Shame, because the game lurking underneath this grubby veneer of gambling and money-minding is first-class. The addition of fresh challenges each week, heavily ‘borrowed’ from Destiny’s online model, will mean there’s always something to do or achieve. And eventually, the progression system will make sense to you, in its own weird way.
So, what about that single-player campaign? Everyone demanded it after the previous Battlefront, and what we’ve now got is a fan-pleasing ramble through the ‘untold story’ between the end of Return of the Jedi and the start of Force Awakens. Clocking in around 4-5 hours it isn’t the most entertaining or substantial of campaigns and, given the fact you only spend about half that time playing as anti-hero Iden Versio, it often feels like a collection of cameos rather than an actual story. The plot kinda follows Versio as she carries out missions for the Empire before and after Return of the Jedi, and it features all the lavish cut-scenes and blatantly obvious twists you’d expect. While the presentation is first-class here, with most things looking and sounding 100% like they belong in the Star Wars universe, there are a handful of problems.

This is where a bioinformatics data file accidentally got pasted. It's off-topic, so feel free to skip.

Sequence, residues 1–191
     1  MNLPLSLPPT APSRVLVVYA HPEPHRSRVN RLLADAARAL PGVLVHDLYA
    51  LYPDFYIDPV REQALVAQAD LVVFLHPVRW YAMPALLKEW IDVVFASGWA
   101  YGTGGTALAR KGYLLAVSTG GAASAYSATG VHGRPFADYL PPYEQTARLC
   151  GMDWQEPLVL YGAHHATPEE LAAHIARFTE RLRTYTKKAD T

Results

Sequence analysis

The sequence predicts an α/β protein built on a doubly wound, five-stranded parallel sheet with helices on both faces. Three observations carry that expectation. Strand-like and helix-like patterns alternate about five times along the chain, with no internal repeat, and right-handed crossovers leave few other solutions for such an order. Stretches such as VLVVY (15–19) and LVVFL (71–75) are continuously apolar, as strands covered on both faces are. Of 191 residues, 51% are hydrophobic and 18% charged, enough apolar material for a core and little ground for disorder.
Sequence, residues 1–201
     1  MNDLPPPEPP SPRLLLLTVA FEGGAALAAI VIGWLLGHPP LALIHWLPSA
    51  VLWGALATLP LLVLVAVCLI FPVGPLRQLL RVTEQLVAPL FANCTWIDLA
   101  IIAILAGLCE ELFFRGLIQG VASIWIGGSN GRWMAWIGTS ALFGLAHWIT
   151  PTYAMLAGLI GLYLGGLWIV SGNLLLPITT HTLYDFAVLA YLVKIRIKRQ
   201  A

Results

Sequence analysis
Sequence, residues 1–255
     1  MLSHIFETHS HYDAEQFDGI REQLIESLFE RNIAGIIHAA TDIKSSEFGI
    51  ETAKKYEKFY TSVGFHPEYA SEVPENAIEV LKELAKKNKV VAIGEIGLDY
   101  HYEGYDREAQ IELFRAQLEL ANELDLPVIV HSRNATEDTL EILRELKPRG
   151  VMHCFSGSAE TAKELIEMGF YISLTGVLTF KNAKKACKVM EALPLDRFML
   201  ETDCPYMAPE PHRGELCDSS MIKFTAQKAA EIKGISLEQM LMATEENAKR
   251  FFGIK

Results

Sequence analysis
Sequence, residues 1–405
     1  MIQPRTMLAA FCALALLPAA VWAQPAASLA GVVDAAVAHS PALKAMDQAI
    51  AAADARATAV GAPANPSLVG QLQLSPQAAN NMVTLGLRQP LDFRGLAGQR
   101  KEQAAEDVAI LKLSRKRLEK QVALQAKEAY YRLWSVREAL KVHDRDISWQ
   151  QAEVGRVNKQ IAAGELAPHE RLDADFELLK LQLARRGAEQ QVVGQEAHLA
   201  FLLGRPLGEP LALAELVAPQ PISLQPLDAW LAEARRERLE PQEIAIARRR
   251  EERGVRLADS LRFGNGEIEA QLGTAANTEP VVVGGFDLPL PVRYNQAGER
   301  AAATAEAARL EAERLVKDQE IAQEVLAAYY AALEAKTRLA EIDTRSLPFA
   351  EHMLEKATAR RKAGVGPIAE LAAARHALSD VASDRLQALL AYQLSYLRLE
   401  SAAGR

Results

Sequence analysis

Hero characters look and sound somewhat akin to their silver-screen counterparts, like the fans who come in third-place at the Star Wars cosplay competitions. Versio herself is a dull character with very little to contribute to the canon, and her two comrades Del and Hask are forgettable stereotypes of a slightly different variety. Still, the shooting is fun, if a little repetitive. Missions are largely predictable affairs where you go somewhere, kill all the enemies, then escape. The campaign does mix up dogfighting well with on-ground shooting, and there are a couple of standout stages right at the end that are exactly what the rest of the story should have been. And I’m not sure whether it’s some kind of weird joke, but collectibles in the story are… generic-looking crates with zero actual purpose. Just saying, Battlefront, that if you rely on a controversial loot crate system for multiplayer progression, it might be best to avoid the whole ‘crate theme’ as collectibles in your story. Overall, though, it’s a fairly unimaginative, short collection of winks and nods to fans that severely lacks an identity of its own. Play it, to say you did, then get stuck into the multiplayer again.